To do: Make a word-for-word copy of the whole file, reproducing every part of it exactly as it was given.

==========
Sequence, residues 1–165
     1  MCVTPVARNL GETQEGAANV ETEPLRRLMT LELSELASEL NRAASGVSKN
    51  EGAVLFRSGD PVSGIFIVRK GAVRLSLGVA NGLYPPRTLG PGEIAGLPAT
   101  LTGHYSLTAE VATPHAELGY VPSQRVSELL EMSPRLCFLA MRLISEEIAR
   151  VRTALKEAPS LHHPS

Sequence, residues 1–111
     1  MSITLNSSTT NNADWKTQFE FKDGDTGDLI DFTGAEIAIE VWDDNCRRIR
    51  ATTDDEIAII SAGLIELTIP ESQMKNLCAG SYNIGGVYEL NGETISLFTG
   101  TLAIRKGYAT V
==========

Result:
Sequence, residues 1–165
     1  MCVTPVARNL GETQEGAANV ETEPLRRLMT LELSELASEL NRAASGVSKN
    51  EGAVLFRSGD PVSGIFIVRK GAVRLSLGVA NGLYPPRTLG PGEIAGLPAT
   101  LTGHYSLTAE VATPHAELGY VPSQRVSELL EMSPRLCFLA MRLISEEIAR
   151  VRTALKEAPS LHHPS

Sequence, residues 1–111
     1  MSITLNSSTT NNADWKTQFE FKDGDTGDLI DFTGAEIAIE VWDDNCRRIR
    51  ATTDDEIAII SAGLIELTIP ESQMKNLCAG SYNIGGVYEL NGETISLFTG
   101  TLAIRKGYAT V